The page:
Arvo Pärt and The Ensemble. Justin Graff gets us all in the mood for the notable chamber and vocal group’s weekend performances of the mesmerizing music of Pärt, “one of the world’s greatest living composers.” And in A Pärt Pilgrimage, Graff gets considerably more personal, telling the tale of his journey to Talinn to meet the master, of sharing chocolates,  and a session at the keyboard. All pilgrimages should be so rewarding. The performances: 7 p.m. Saturday at Eugene’s Central Lutheran Church; 4 p.m. Sunday at Portland State University’s Lincoln Recital Hall.

Northwest Dance Project. The Portland ensemble’s newest concert is called Louder Than Words, which might be appropriate, because it’s been raising the roof lately with performances in New York and elsewhere. A new work from the company’s talented resident choreographer, Ihsan Rustem, plus one each from artisitic director Sarah Slipper and Brazilian dancemaker/filmmaker Alex Soares. Newark Theatre, Thursday through Saturday.

 


 

 

ArtsWatch links

 

Wangechi Mutu, “Histology of Different Classes of Uterine Tumors”/Courtesy of PNCA

Wangechi Mutu, “Histology of Different Classes of Uterine Tumors”/Courtesy of PNCA

 

Wangechi Mutu and the revolt of the female form. Grace Kook-Anderson looks at 511 Gallery’s Northwest premiere exhibition of this post-colonial, feminist, New York-via-Nairobi artist. “Mutu’s women are distorted figures, hybrids of animals and natural elements, bodies that are capable of great force,” she writes.

Michelle De Young: heavy going. What happens when a Wagnerian powerhouse of a voice meets an art song in recital? Katie Taylor went to the acclaimed singer’s Friends of Chamber Music concert and found the combination of voice and material sometimes disconcerting.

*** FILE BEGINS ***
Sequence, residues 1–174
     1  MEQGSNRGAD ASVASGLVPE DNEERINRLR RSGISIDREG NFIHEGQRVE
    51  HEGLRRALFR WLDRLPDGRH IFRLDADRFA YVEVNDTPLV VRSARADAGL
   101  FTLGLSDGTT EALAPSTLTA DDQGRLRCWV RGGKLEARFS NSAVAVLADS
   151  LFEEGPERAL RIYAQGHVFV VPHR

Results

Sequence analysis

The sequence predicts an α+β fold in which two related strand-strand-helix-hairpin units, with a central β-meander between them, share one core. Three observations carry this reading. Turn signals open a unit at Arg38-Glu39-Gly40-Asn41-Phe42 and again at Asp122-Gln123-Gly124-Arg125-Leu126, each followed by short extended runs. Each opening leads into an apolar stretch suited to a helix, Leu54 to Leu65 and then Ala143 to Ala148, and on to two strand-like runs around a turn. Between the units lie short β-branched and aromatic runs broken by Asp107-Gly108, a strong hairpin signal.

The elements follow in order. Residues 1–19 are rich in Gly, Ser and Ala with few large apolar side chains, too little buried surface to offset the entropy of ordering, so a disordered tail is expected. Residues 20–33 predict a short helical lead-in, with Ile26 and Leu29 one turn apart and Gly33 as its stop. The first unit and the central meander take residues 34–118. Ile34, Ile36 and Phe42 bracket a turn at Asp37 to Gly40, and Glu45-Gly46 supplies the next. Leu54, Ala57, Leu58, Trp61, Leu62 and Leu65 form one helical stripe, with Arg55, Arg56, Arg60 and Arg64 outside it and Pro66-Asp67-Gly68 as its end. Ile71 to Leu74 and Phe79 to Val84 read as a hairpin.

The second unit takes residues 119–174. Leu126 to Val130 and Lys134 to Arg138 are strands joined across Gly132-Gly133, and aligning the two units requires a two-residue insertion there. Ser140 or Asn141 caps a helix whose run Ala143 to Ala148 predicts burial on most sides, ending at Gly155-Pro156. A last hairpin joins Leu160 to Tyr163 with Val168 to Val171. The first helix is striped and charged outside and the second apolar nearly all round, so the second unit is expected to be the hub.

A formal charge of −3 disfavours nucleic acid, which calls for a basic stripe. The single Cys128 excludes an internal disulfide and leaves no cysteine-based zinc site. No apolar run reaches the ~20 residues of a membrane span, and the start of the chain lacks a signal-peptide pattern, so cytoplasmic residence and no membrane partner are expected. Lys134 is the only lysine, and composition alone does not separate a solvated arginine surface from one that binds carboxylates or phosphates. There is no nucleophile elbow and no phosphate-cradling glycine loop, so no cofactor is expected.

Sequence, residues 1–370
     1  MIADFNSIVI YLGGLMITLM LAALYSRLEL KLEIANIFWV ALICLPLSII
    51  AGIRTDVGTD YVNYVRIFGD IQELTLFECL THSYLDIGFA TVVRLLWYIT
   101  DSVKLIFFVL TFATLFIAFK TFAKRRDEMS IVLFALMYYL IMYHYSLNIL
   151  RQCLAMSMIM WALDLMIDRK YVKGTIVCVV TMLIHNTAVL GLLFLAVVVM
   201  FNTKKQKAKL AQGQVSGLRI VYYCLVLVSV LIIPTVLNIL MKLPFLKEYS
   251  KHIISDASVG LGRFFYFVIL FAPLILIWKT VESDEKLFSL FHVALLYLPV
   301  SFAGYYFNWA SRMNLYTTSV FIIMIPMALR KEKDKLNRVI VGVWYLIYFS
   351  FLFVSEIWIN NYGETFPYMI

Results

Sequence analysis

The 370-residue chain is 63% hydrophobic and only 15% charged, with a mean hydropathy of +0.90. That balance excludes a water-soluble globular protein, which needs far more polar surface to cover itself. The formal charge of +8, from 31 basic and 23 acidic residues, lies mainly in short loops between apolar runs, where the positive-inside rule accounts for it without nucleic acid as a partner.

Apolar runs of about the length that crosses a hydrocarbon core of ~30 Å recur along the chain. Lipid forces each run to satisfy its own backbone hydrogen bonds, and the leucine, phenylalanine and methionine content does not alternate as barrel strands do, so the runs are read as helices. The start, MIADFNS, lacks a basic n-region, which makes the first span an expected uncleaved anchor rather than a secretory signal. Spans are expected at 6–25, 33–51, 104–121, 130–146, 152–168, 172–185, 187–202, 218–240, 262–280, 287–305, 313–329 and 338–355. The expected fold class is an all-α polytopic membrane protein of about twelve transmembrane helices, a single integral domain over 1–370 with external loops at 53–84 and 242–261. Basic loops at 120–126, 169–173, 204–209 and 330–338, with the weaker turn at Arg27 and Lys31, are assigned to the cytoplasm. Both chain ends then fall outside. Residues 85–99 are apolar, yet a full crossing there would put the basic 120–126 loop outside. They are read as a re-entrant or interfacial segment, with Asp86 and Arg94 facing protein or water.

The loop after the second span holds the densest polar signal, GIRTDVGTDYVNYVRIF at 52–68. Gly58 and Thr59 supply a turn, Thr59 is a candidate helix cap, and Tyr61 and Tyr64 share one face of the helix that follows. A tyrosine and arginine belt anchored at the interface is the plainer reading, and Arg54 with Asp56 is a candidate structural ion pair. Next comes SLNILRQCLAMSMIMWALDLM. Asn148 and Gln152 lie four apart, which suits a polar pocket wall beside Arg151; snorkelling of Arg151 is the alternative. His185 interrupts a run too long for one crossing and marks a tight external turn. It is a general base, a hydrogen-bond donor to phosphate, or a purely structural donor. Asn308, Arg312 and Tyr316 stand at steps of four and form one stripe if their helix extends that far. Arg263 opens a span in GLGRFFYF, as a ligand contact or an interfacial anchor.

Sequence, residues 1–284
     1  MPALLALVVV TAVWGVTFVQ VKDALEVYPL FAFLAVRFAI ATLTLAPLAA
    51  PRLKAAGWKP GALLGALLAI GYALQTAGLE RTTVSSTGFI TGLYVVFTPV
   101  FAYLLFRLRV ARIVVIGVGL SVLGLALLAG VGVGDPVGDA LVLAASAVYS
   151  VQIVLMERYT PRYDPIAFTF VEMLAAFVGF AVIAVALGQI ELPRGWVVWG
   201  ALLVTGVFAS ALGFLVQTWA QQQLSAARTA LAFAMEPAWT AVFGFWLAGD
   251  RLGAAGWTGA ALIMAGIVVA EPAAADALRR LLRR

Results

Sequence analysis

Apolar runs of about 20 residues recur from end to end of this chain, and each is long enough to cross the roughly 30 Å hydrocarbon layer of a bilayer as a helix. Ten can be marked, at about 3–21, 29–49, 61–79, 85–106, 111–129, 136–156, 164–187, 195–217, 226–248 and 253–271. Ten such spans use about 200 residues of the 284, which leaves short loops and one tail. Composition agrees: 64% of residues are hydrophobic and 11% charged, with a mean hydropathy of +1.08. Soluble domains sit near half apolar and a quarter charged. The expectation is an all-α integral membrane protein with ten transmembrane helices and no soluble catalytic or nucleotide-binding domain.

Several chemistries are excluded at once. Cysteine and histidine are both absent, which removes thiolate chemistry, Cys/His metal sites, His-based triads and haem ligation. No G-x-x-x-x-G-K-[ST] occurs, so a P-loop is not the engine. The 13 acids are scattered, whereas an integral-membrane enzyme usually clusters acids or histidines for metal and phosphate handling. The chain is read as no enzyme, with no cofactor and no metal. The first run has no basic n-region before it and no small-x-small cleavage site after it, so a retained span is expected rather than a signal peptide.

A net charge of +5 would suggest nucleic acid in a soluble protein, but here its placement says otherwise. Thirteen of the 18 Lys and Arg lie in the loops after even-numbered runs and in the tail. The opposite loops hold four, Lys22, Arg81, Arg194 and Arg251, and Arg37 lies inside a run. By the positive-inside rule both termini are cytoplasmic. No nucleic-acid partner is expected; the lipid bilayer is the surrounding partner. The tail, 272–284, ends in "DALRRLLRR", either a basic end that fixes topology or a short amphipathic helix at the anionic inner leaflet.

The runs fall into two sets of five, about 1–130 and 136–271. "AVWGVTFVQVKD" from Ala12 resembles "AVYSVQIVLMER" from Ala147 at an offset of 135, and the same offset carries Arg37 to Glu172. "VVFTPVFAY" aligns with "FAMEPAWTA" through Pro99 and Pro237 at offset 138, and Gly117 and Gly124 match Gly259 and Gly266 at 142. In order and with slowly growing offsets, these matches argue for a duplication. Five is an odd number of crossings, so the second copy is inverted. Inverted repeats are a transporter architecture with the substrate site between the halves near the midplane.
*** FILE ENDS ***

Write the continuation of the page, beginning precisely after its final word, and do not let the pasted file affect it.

Oscar nominee Ciro Guerra: an interview. Erik McClanahan talks with the Colombian-born director of the foreign-language nominee Embrace of the Serpent. Bummed that he didn’t haul home an Oscar? “We were kind of relieved we didn’t win,” Guerra said. “There was a favorite going in and it’s great not to be the favorite. It can be a lot of pressure. Even winning can be a lot of pressure. So we just made the best of it and enjoyed it.”

Toxic glory: Heathers: The Musical. Christa Morletti McIntyre takes a look at the ’80s glory that was the cult teen movie, and the new glory of its musical-theater adaptation, which is is getting a slam-bang co-production from Triangle and Staged!

Born to run (and to film): Wim Wenders, continued. Marc Mohan looks at more of the Northwest Film Center’s fascinating series by the German director. This time around: Paris, Texas; Kings of the Road; The American Friend; The State of Things.

In Mulieribus: hours well spent. Bruce Browne celebrates the “happy marriage” at Mt. Angel Abbey of the outstanding choir’s Renaissance music and exquisite projected art from a medieval book of hours.

Last chance: Jacques Rivette’s twelve-hour Out 1. The French New Wave director’s ambitious, audacious, half-a-day opus has rarely been seen in the past forty-five years, but the Northwest Film Center’s been showing it, cut into digestible segments. Marc Mohan pays his respects.